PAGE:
Here is an activity that I love!  It’s never too early to start developing the love of reading and by making it special and fun, you will spark your budding reader’s interest and have an “outside the box” experience that you will all remember fondly.  And where is it that you can do some unbridled learning, free to explore new concepts and try new skills:  outdoors of course!  

So make up your own camp read, even if your children don’t yet know how to read. They will understand how much fun it is to read stories with you, to look at the pictures and become emergent readers and later be readers in their own right and disappear into an imaginary world...

So camp read consists of setting up a “camp” so to speak.  So get out your camping gear or set up your home made tent right in your backyard, your balcony or even the park!  I used to use old outdoor long chairs on their sides, with old sheets to create myself a little tent outdoors.  Oh how much fun that was.  Now take that one step further and set up camp read with your child. Bring in sleeping bags, pillows and a stuffy to keep you all company and then kick back and read!  It’s the time you put in, the importance you give reading and the free setting that will set the stage.  Enjoy every moment as much as your kids do and don’t forget to break for snack!  

Going to camp read will be one of those things kids look forward to every year and look back on fondly when they are older....

Hiking with all ages of children is an adventure. You just have to pick an opportunity that will be fun and achievable for the whole family. 
We often find that the expectations our chidren have for the hike are very different compared to that of mine and my husbands. We are happy to be outdoors in the fresh air getting some exercise in some beautiful scenery whilst the boys tend to be more inclined to directly engage and spend more time at the different locations that they are passing through.
So with our family experience of walking many shorter trails as well as hikes that have taken a few days and involved camping overnight here are our top tips to building enthusiasm in your children for hiking the big outdoors!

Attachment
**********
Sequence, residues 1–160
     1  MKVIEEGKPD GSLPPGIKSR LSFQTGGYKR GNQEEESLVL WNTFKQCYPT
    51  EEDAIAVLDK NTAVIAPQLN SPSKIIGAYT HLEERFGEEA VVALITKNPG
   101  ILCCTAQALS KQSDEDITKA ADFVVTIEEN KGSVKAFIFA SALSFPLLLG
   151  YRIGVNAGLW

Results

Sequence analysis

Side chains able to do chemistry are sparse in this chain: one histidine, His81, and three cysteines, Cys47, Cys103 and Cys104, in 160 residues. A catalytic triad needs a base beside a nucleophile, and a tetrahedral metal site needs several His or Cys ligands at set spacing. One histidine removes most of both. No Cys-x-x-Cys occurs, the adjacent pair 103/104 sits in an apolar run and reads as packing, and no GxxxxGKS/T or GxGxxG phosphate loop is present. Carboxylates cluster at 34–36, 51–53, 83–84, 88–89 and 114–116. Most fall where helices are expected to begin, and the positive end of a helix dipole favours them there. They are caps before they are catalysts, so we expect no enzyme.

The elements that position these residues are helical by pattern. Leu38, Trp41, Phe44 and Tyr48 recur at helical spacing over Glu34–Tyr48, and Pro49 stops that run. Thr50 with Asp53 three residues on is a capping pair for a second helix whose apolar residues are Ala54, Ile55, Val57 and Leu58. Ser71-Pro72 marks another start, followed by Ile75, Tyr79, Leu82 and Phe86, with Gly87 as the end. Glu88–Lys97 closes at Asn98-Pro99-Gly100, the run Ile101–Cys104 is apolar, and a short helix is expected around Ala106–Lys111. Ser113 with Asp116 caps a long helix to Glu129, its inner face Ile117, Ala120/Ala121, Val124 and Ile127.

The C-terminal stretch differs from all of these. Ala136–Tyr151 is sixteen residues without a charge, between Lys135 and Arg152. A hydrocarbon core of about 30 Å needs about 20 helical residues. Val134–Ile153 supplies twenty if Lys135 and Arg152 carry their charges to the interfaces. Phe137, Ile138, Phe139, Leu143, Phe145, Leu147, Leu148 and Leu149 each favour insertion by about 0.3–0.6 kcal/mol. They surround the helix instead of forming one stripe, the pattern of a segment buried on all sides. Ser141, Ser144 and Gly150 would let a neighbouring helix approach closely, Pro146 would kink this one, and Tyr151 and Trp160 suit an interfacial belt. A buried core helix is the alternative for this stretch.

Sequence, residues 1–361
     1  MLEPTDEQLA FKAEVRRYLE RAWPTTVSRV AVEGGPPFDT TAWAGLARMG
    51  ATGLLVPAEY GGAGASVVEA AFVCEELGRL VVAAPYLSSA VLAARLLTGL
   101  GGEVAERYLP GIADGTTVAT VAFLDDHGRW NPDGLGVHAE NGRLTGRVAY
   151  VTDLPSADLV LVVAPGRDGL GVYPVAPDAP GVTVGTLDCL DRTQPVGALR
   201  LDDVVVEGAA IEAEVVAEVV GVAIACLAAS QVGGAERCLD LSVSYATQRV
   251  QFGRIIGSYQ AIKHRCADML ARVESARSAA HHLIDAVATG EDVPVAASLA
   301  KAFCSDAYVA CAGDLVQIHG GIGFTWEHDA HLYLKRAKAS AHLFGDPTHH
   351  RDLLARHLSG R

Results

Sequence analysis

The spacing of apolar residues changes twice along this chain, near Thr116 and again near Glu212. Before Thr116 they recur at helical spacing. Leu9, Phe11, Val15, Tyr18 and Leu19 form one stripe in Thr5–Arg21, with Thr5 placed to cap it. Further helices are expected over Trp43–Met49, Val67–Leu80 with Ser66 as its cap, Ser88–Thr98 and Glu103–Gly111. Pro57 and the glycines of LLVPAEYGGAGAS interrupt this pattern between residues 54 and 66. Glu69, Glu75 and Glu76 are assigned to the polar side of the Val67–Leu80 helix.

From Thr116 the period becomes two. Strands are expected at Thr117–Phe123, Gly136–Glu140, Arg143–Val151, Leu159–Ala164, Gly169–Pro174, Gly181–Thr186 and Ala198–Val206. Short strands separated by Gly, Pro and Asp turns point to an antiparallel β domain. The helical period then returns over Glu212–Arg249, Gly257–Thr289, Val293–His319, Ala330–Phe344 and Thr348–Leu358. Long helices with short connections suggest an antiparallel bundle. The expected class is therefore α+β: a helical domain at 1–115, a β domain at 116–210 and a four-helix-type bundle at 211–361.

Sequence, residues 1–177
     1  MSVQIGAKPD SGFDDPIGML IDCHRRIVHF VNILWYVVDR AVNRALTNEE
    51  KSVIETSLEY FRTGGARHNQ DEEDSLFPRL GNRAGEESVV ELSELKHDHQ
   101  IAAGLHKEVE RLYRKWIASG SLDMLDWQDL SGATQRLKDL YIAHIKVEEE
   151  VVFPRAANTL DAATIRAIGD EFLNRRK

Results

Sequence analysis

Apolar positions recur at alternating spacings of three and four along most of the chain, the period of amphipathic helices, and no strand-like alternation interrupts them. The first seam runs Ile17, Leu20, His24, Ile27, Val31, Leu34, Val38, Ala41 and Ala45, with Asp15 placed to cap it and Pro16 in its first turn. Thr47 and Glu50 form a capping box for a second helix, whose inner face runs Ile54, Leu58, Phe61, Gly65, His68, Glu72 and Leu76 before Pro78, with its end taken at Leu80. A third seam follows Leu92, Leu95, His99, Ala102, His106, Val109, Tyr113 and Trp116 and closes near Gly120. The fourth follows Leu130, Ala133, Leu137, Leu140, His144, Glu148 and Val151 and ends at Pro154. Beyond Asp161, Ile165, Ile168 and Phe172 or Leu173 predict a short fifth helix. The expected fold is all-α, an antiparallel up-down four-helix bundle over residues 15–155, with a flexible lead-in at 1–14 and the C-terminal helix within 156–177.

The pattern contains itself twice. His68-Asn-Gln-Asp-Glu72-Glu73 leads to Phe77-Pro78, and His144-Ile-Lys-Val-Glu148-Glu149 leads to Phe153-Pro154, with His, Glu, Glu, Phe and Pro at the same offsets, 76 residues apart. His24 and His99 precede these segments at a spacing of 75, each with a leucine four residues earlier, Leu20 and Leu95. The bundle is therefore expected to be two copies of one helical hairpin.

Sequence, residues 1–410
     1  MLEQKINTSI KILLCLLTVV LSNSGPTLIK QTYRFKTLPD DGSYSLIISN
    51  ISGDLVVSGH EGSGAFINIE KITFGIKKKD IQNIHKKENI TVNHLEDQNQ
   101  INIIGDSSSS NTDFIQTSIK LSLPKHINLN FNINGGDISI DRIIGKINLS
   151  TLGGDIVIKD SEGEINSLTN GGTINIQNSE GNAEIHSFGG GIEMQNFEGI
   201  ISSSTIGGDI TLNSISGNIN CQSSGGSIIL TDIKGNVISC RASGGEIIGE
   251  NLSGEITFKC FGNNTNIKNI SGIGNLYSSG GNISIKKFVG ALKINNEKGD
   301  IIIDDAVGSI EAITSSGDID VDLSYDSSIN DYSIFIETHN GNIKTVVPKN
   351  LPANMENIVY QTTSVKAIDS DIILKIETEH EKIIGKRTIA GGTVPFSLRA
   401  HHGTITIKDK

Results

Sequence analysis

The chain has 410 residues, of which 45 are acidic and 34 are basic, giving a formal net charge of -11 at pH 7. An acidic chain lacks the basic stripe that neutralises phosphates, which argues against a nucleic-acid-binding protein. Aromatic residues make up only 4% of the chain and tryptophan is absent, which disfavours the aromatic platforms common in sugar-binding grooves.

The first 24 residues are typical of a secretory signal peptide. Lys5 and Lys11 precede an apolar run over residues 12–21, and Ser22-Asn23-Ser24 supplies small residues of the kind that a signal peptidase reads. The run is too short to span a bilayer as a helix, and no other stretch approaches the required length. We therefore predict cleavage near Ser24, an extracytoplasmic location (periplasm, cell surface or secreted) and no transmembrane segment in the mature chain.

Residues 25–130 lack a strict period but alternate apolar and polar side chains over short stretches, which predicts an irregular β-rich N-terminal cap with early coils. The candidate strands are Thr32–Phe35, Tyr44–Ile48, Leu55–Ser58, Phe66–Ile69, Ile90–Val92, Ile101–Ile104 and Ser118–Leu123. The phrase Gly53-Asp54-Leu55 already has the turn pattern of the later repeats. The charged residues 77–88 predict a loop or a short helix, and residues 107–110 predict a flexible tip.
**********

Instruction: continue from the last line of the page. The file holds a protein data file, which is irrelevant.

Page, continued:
• When planning your walk, get children involved in planning the route - use a map and take the map with you to follow along with.
  • Will you take a circular route or an ‘out and back’? It can be more satisfying to find your way back to where you started without having to retrace your steps. Or that could be the adventure….leaving markers at strategic points to rediscover on your return journey!
  • Take along snacks and chocolate! A little chocolate can go along way to boosting spirits if children (or adults!) begin to flag!
  • Be mindful of the weather forecast and dress appropriately. Light weight rain jackets tucked away in a backpack have made unexpected appearances more than once in our adventures!
  • Don’t set yourselves too challenging a distance or terrain - you want to build a positive experience that will encourage the next hike. After all just being outside together and enjoying the adventure is the main thing.
  • Take along a pair of binoculars or a camera. They can be an extra actvity and a new distraction.
  • Why not have a reward in mind for the end of the hike. We sometimes finish a walk with a visit to favourite local eaterie for brunch or afternon tea.
  • Be flexible - be prepared for the all the wonders that grab the childrens attention…. wanting to stop to float sticks down a stream, climb a boulder at the side of the trail, a roll down a grassy slope. Hiking is rich in unexpected experiences.
Create a positive experience that can be used to motivate everyone to get outdoors for your next family hike!
My sons love making forts.

They have built them up trees, in the woods, added to and improved old forts made by others before them, and have even built them for their stuffed monkeys!
There is always deliberation over the type of material to use, sticks and branches, ferns, leaves, mosses and driftwood. There is always the detail…. the ‘carpeting’ and the ‘furniture’.

And if the choice of location and scale is always changing what is constant is the use of their imagination and creativity…. how to best use the natural materials available around them.
In fact den building and the creative play it illustrates employs a whole range of skills and competencies.
The boys imagination is always front and centre as the forts take shape accompanied by games of secret agents, medieval knights and pirates.

But what about some of the other benefits of such creative play….

The boys use their skills of problem solving  working with sticks, ferns, leaves, rocks and other natural materials. They judge the length and strength of the sticks they need for framing, they test ways to secure the walls and the roof.

Collaboration allows the boys to lift and position materials that would be difficult to manoeuvre on their own. 

Sharing their ideas results in forts that keep out the rain and are well positioned for ambushing unsuspecting passers by!

Their persistence and determination keeps them busy for ages until the roof is secure and enough grass has been collected to make that carpet.

They are outdoors, actively engaged with their natural environment and each other.

And having so much FUN!!

Aaaaahhh, the first year with baby.  You know that getting outside would do you a world of good but:

   1.  By the time you get your act together, it will be nap time again
   2.  You really should vacuum today
   3.  You really should take a shower today!